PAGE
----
Severe earthquakes can result due to tectonic plates colliding with each other, according to scientists. The researchers also contend that severe damage can be caused by the subduction zone. At subduction zones, one tectonic plate pushes over the other. The earth's surface is laced with about 51,000 kilometers of subduction zones and the motion along the margins of the zones averages a slip of about two inches per year.
According to researchers, where the margins stick and then rip apart into earthquakes, displacements have been as much as 65 feet, over many hundreds of kilometers, in a matter of only a few minutes. The researchers, led by Christopher W. Fuller at Yale and the University of Washington, used computer simulations to determine how the upper plate deformed above a subduction zone fault.
Past research has shown that as a subducting plate slides beneath an upper plate, stress builds where the plates meet and stick, and the upper plate warp creates a wedge and a bowl-shaped depression, called a forearc basin. Beneath the sea, this basin fills with sediment that empties from nearby rivers. It appears that the most severe subduction zone earthquakes occur in areas where such sediment-filled basins are found.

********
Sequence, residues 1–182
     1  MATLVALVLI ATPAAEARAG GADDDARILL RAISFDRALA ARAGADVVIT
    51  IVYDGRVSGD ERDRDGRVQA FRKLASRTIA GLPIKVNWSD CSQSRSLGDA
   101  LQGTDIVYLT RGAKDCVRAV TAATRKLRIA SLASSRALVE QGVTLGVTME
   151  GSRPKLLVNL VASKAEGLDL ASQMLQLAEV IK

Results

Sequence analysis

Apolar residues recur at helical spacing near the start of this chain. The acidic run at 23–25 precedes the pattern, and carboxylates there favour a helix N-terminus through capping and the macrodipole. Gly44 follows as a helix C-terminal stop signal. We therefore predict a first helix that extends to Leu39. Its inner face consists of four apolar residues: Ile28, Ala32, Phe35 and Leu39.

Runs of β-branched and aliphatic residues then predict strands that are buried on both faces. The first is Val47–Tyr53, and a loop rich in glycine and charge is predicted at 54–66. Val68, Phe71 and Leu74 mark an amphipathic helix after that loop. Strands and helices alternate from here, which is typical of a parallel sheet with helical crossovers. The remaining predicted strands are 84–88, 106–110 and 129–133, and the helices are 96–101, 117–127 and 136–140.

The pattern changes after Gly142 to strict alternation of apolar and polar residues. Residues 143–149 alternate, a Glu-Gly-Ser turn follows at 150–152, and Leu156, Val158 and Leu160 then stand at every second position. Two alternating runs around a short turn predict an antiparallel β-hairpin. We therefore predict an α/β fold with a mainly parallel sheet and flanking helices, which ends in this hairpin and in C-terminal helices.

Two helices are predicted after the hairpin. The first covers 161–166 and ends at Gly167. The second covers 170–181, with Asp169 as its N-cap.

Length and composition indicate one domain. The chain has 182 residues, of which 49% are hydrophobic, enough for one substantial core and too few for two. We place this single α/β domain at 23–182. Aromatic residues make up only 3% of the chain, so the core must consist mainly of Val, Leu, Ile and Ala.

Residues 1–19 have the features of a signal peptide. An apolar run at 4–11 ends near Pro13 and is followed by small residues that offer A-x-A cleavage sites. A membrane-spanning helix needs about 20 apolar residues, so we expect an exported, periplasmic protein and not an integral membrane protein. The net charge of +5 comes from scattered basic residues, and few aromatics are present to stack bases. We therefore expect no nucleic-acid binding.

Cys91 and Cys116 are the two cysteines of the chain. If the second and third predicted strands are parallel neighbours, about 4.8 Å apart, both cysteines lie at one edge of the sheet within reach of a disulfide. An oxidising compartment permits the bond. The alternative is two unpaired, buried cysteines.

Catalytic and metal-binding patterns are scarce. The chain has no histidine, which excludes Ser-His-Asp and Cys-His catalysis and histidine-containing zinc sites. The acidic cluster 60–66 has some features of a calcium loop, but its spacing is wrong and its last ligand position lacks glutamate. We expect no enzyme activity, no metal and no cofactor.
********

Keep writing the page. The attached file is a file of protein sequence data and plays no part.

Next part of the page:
When sediment is deposited on top of the overriding plate, it reinforced the edge of the plate and caused it to stick directly above where the earthquake would happen so that it no longer deformed internally. The researchers speculate that this allows the subduction zone to remain at rest for longer periods of time and thus to stick, making it more prone to earthquake events.
The researchers say their model could have implications for forecasting areas within a subduction zone where great earthquakes are the most likely to occur. But they said it is not applicable to every subduction zone because each has different characteristics.